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Significant Digits For Monday, Sept. 30, 2019

You’re reading Significant Digits, a daily digest of the numbers tucked inside the news.


45 million online photos and videos

Last year, technology companies reported 45 million online photos and videos of child sexual abuse to the National Center for Missing and Exploited Children. Almost two-thirds of the worldwide reports of child sexual abuse material were about material on Facebook Messenger. Among many reasons it’s hard for authorities to deal with the problem: federal funding to combat it has remained flat and there is high staff turnover on this beat due to graphic and emotionally draining work. [New York Times]


31 degrees celsius

In addition to sparse crowds, marathon athletes at the World Athletics Championships in Doha experienced brutal conditions on Saturday morning, with outdoor temperatures of 31 degrees Celsius (88 degrees Fahrenheit) resulting in only 40 out of 68 competitors completing the race and several others requiring medical attention due to high humidity levels. By comparison, track and field athletes completed their events within an air-conditioned stadium set at 23 degrees celsius. “There is nothing to breathe,” Belarus athlete Volha Mazuronak said. “I thought I wouldn’t finish.” [The Guardian]


17th weekend of protests

Clashes between police and members of the public took place again on Hong Kong’s busy commercial streets on Sunday after thousands of protesters participated in the city’s 17th-straight weekend of protests. Several subway stations were closed in anticipation of conflict, but the entrance to one was eventually set on fire after protestors were unable to open its shuttered gate. More than 100 people were arrested, and two dozen others were taken to a hospital with injuries. [South China Morning Post]


13th amendment

The 13th Amendment banned slavery and involuntary servitude, but Harvard University President Lawrence S. Bacow said he regretted referencing it when mentioning a new policy that would allow alumni to donate to any of the educational institution’s colleges. The Boston Globe first reported Bacow had told hundreds of alumni and development staff at a meeting on Tuesday that “donors no longer could be owned by the specific colleges from which they had graduated.” The Ivy League university has its own history with slavery, including a plaque which honors four people who were enslaved by Harvard in the 18th century. [Boston Globe]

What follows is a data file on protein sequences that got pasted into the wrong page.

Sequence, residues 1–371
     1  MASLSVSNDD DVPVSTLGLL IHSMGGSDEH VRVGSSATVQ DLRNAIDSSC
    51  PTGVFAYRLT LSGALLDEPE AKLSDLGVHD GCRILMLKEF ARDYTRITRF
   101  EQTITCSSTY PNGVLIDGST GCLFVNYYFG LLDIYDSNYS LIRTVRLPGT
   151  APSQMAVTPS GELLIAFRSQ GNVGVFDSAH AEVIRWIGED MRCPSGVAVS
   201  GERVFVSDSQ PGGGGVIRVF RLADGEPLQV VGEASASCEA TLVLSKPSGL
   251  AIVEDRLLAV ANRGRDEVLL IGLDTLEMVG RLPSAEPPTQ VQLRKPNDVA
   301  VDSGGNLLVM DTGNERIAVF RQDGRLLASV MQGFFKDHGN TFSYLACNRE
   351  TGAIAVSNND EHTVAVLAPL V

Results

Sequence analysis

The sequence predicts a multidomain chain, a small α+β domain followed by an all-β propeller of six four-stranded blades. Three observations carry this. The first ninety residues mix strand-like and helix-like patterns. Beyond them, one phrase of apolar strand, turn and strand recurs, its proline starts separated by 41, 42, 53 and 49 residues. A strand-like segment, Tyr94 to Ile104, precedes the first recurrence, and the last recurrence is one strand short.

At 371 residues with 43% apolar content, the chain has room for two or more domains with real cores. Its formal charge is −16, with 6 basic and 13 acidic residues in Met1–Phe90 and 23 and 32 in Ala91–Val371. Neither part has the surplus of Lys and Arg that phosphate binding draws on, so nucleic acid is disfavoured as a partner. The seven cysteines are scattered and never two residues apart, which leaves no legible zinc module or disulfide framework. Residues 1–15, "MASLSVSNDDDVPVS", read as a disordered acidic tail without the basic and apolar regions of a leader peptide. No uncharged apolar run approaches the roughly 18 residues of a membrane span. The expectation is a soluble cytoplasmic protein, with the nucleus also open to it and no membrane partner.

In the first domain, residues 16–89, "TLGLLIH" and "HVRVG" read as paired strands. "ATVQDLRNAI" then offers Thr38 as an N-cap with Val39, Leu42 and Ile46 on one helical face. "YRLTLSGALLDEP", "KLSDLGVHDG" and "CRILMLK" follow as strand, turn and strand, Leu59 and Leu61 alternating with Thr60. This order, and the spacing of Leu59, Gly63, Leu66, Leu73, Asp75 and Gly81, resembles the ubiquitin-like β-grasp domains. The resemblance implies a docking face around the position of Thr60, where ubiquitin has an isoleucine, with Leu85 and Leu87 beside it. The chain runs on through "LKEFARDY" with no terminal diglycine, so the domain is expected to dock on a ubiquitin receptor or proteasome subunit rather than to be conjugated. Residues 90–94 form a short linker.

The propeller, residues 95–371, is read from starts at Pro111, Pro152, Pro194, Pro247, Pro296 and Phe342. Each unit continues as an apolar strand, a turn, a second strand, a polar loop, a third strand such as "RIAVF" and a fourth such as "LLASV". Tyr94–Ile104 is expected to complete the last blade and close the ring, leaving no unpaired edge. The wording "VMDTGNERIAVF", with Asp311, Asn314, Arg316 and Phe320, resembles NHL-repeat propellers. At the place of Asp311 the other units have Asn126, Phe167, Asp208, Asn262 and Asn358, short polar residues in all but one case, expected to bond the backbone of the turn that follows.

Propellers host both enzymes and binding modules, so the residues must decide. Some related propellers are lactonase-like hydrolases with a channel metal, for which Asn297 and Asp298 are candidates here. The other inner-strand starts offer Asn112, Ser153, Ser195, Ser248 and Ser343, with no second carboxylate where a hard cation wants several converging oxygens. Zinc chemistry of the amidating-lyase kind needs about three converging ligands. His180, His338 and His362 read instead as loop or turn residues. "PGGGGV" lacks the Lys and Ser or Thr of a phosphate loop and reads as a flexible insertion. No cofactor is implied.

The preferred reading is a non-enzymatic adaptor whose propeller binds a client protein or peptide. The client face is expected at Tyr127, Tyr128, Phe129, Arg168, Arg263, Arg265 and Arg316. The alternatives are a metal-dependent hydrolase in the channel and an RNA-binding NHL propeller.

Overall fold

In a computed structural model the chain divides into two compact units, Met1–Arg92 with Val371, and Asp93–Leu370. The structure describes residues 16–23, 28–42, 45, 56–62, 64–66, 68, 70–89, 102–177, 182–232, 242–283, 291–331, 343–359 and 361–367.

$914,831 in parking fines

Data shows Canada Post, the Canadian national mail service, has accumulated nearly $7.5 million in parking tickets over the last decade. Analysis from the Canadian Press shows last year’s tickets totaled $914,831, with most of the citations are in and around the city of Toronto. However, the parking fines are a small dent in Canada Post’s balance sheet, which lost $270 million last year on revenue of $6.6 billion dollars. [Canadian Press/CBC News]


Food52

Retail, recipe, and home-improvement advice company Food52 announced it had sold a stake to a venture capital firm that values Food52 at more than $100 million. The company was founded 10 years ago by two veteran food journalists who used to work for the New York Times and regularly incorporates customer feedback into the development of its custom dining and retail products. [Wall Street Journal]


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